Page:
This primacy of the President over the National Assembly is a product of de Gaulle’s vision for a strong leader who is above party politics and insulated from parliamentary interference. The Fourth Republic was plagued by government instability, with over twenty governments and seventeen prime ministers presiding during a twelve-year period, and a legislature that was fractured and conflictual (Safran 119). The office of President, being elected by the legislature, was incapable of providing effective leadership. After a succession of politicians lacked the will, acumen, or capability to solve the problem of Algerian independence and with war breaking out which threatened to spill over into France, they looked to Gen. Charles de Gaulle for leadership. In 1958, the constitution for the Fifth Republic, tailor-made for de Gaulle, was adopted. Written by de Gaulle and his advisors, it featured a President who, popularly elected after 1962, would be capable of making decisions and conducting an assertive foreign policy without having to worry about parliamentary interference or ouster (Safran 122). The strength invested in the President, seen in his extensive constitutional and de facto powers, is what enabled de Gaulle to effectively deal with the Algerian problem.
During the first three presidencies, those of Charles de Gaulle, Georges Pompidou, and Valéry Giscard d’Estaing, the system functioned in this manner. However, in 1986, during the presidency of Socialist François Mitterrand, the National Assembly was controlled by the opposing party. This period of ‘cohabitation’ changed the functioning of the system. A delicate form of power sharing began in which the Prime Minister took responsibility for most domestic policies while the President retained authority in foreign affairs, national defense, and had slight influence in internal affairs (Safran 123). This was because the Prime Minister had de facto authority in the legislature, which supported his policies over those of a President from another party. This period of ‘cohabitation’ ended in 1988, returning the Presidency to primacy, but occurred again under Mitterrand’s Presidency in 1993 and again in 1997 during the Gaullist Presidency of Jacques Chirac, both with the same results (Safran 123).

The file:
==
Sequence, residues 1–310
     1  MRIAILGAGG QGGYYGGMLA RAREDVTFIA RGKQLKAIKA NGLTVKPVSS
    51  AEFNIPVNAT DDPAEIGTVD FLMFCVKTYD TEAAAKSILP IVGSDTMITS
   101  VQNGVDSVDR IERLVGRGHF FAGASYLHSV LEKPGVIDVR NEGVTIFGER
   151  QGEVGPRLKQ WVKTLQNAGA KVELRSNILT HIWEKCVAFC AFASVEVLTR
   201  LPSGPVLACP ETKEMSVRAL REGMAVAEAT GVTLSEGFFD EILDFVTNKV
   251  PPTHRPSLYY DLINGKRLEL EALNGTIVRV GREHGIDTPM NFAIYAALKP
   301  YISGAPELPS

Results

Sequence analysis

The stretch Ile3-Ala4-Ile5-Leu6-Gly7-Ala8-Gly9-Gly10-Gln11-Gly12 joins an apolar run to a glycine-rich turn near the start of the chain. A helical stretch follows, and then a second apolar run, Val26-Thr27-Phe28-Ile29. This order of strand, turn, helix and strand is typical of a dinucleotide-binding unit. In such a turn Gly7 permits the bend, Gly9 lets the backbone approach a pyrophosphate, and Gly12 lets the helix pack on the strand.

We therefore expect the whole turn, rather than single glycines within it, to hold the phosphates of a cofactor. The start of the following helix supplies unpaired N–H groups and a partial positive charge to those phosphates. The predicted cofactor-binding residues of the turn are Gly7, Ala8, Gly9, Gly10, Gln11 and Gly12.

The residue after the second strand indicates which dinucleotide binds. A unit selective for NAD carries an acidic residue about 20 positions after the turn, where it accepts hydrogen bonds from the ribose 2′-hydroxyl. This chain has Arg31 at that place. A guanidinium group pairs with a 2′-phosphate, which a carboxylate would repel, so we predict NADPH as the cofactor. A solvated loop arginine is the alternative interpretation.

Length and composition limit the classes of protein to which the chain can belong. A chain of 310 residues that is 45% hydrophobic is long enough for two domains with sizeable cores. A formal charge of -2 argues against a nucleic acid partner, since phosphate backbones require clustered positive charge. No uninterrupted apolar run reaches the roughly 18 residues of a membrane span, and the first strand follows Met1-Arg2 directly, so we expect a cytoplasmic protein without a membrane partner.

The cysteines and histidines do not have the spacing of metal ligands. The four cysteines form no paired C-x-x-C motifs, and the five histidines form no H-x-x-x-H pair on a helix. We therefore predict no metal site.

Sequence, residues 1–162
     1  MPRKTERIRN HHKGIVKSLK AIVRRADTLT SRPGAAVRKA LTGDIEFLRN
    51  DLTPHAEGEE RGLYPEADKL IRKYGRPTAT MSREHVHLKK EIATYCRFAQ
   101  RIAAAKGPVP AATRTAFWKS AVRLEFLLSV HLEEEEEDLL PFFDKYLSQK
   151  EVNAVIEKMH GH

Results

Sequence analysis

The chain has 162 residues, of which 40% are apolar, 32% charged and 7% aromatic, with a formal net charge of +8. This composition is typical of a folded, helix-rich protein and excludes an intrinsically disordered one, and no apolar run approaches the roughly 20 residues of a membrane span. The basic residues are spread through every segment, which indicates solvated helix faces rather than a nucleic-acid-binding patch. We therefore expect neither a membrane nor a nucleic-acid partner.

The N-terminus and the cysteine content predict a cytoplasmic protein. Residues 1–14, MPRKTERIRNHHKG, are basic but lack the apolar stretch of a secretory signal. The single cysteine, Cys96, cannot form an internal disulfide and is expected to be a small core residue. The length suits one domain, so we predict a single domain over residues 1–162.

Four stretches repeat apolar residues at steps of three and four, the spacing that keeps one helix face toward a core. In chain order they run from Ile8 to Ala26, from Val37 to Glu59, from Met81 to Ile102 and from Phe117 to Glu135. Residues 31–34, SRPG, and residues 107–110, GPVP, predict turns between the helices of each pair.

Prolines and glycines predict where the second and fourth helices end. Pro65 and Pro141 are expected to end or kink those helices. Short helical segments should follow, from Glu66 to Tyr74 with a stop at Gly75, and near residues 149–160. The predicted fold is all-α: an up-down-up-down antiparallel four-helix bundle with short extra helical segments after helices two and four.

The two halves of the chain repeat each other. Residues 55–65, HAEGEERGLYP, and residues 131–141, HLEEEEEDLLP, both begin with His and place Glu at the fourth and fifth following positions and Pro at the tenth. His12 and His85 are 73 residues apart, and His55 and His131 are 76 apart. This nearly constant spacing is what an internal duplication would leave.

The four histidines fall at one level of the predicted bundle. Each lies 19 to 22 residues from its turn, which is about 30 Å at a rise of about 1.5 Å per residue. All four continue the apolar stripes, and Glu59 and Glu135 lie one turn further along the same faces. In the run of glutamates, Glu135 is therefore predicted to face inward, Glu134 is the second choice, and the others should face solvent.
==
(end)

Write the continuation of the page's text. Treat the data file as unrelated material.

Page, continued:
This is in part a result of constitutional ambiguities regarding the powers of the Prime Minister and the President. The constitution stipulates that the Prime Minister is the head of government but in practice it has been, except during times of cohabitation, the President who exercises most of the decision-making authority. This has been enabled largely by the President’s constitutional powers, which have permitted him to influence and direct the legislature even though the Prime Minister is the one who “directs the actions of government.” Other ambiguities exist as well. For example, although the constitution stipulates that the President is the commander-in-chief of the armed forces, the Prime Minister is given the constitutional directive to be in charge of national defense. Additionally, there is conflict in the Prime Minister’s power to “determine the policy of the nation” and the President’s responsibility to guarantee national independence (Safran 126). Such ambiguities and a lack of clearly delineated powers have produced the flexibility in the system seen by the periods of cohabitation and the extraconstitutionality of the President’s power over the National Assembly.